1 package of puff pastry dough (e.g. Pepperidge farm) containing 2 sheets) made about 18, though it could make up to 24 I think.
Thawed and rolled out a little bit.
I cut each of the three sections of a sheet into 3 pieces. If you roll out the dough a little bit, then I think you can cut each section into 4 pieces. I don’t think this would be a bad idea as it would possible have a slightly better filling to dough ratio.
This filling probably makes enough to make easily 30-40 (enough to use 3-4 sheets of puff pastry). So I froze the leftover filling to throw in a curry or to make more samosas later.
1. Boil potatoes until just tender. Drain and set aside.
2. In a large saute pan or skillet and heat the oil over medium-high heat. Add the onions, carrots and ginger, and cook, stirring, until starting to caramelize, about 5-8 minutes.
3. Add the garlic, chile peppers, garam masala, salt, turmeric, and cayenne, and cook, stirring, until fragrant, 30 to 45 seconds.
4. Add the potatoes and cook, stirring until the potatoes start to color and become dry, about 3-5 minutes. Add the peas and cook, stirring, for 1 minute.
5. Remove from the heat and add the chutney or the cilantro and lemon juice. Stir to combine, then adjust the seasoning, to taste. Let sit until cool enough to handle.
6. Thaw the puff pastry dough and rolled out a little bit. I cut each of the three sections of a sheet into 3 pieces. If you roll out the dough a little bit, then I think you can cut each section into 4 pieces. I don’t think this would be a bad idea as it would possibly have a slightly better filling to dough ratio.
7. You can do lots of fancy things to stuff the samosas so that they look more like traditional ones. I just did a basic thing and made them like a mini-turnover of sorts. Put about a heaping tablespoon of filling in the center. Spread a little water along the edges of the dough and folded it over. Seal using a fork.
8. Arrange the samosas on a baking sheet lined with parchment paper.
9. In a small bowl, whisk the egg and 1 teaspoon water with a fork until thoroughly combined. Brush the tops of the samosas with the egg wash.
10. Bake for 15 minutes at 425, then turn heat down to 375 and bake for 10 more minutes. You can flip them over just before you turn the heat down, if you like. We did and they were nicely golden brown on all sides.
11. Serve warm with the chutney/sauce and eat them up!
Puree all of the ingredients, listed. Adjust seasonings. Serve along side the warm samosas.
December 30, 2013 § Leave a comment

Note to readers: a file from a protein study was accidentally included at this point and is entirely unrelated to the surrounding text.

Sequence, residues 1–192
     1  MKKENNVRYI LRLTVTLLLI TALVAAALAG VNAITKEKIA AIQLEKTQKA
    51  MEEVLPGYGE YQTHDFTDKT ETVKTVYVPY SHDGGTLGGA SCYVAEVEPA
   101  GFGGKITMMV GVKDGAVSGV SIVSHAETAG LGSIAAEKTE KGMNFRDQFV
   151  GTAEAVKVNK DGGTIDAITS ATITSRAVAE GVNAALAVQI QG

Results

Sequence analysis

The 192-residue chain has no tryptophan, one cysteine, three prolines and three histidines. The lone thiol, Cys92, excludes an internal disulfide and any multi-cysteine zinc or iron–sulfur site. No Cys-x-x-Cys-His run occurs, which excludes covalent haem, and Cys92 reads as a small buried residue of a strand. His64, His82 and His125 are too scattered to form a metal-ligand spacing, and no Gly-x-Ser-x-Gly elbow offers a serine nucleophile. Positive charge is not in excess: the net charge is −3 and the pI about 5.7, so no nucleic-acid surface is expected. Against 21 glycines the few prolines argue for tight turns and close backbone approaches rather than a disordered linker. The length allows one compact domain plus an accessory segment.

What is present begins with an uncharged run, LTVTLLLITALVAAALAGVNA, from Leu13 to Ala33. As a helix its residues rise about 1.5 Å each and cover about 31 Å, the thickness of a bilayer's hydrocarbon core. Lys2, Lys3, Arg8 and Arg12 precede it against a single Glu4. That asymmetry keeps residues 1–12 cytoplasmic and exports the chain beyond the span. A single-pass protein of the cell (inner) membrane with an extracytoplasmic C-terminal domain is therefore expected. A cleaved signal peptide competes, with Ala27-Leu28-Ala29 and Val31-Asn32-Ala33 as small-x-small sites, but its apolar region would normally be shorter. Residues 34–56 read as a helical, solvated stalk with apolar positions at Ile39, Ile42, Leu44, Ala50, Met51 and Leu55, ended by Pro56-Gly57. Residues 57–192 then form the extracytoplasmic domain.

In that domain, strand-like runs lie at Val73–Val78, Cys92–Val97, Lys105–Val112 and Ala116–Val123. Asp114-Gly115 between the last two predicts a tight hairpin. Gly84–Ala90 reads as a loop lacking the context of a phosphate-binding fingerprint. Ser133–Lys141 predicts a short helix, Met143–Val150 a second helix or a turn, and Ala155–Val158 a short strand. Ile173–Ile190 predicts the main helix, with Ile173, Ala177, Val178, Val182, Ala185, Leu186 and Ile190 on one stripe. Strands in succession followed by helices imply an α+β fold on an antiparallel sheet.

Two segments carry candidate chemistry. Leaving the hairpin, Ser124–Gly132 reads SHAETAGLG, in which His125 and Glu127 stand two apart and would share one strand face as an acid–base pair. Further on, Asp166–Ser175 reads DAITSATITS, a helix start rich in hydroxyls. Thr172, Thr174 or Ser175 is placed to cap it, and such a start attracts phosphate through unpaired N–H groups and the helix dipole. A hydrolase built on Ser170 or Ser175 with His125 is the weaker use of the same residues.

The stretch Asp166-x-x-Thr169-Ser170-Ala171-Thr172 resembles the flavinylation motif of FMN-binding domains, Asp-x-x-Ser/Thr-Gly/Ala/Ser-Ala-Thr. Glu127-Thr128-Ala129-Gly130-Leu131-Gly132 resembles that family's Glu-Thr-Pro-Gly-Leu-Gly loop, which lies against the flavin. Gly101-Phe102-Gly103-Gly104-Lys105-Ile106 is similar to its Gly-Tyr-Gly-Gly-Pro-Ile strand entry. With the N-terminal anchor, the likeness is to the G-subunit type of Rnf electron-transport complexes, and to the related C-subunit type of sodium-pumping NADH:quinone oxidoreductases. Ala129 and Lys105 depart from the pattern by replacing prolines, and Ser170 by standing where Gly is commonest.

Sometimes you just NEED a curry, amiright? This recipe is only slightly adapted from one shared with me by a friend from grad school, and it is fab. While we’re all fans of the Cook’s Illustrated version, this one is my new (rediscovered) favorite. I think the critical difference is the sauce, which requires making an onion puree, which really elevates the flavor of the sauce (my favorite part of the dish, obvs). I also included a recently discovered, foolproof way to make perfect basmati rice (fluffy, not sticky) in a small rice cooker!
Chicken Tikka Masala II
For the chicken marinade:
- 1 lb boneless chicken tenders (or slice up a chicken breast)
- 1/3 cup plain yogurt (I use greek)
- 1 small onion, diced
- 2 cloves garlic, minced
- 1/4 tsp cayenne pepper
- 1/4 tsp garam masala
- 2 in fresh ginger, finely chopped (I used jarred stuff, and use 2 tsp)
For the sauce –
- vegetable oil – couple tablespoons
- cinnamon stick
- 1 cup of onion puree (about 1 medium onion, or 2 small onions blitzed in a food processor). NOTE: if you have a giant onion, by all means puree it, but don’t use more than a cup of the puree. I made this mistake once and used a mutant onion that yielded 2 cups of onion puree and it totally overwhelmed the taste of the sauce).
- 1 tsp ground cumin
- 1/4 tsp cayenne pepper (or more if you like it spicy)
- 1 tsp turmeric
- 1/2 tsp garam masala (or more if you really like it, like me)
- 14 oz can tomato sauce
- 1/2 to 1 cup heavy cream
- 1 tsp salt
- 1/2 cup chopped cilantro
- Marinate the chicken in minced garlic, ginger, diced onions, 1/4 tsp cayenne pepper, garam masala, and yogurt. Marinate for at least 4 hours or overnight (heard that a few days makes it extra delicious, but who plans that far ahead? I always do overnight.)
- Bake marinated chicken at 350° for 20 minutes, turning halfway through.
- Meanwhile, heat vegetable oil in a skillet, enough so the oil covers the bottom of the pan. Add a cinnamon stick and cook until it starts to unfurl. [I’ve skipped this step before]
- Add pureed onion (watch out, there could be splattering). Cook until the onion turns translucent (about 5 minutes).
- Add the fresh cilantro, cumin, ¼ tsp cayenne pepper and turmeric. Cook for 1 minute. Add tomato sauce. Heat until oil and tomatoes separate, about 5 minutes.
- Add cream and salt. When adding the cream, add about a quarter cup at a time. Stir well and check the color of the sauce. Stop adding cream when the sauce is between a bright orange and peach (or tastes how you want!). NOTE: The salt helps balance the flavor of the cayenne pepper. If you accidentally added too much pepper, try adding a bit more salt to get the blend right.
- Simmer for 5 minutes. Add the baked chicken to the sauce and cook until chicken is cooked, about 10 minutes. Garnish with more fresh cilantro leaves and serve with perfect basmati rice.
Perfect basmati rice, made in a rice cooker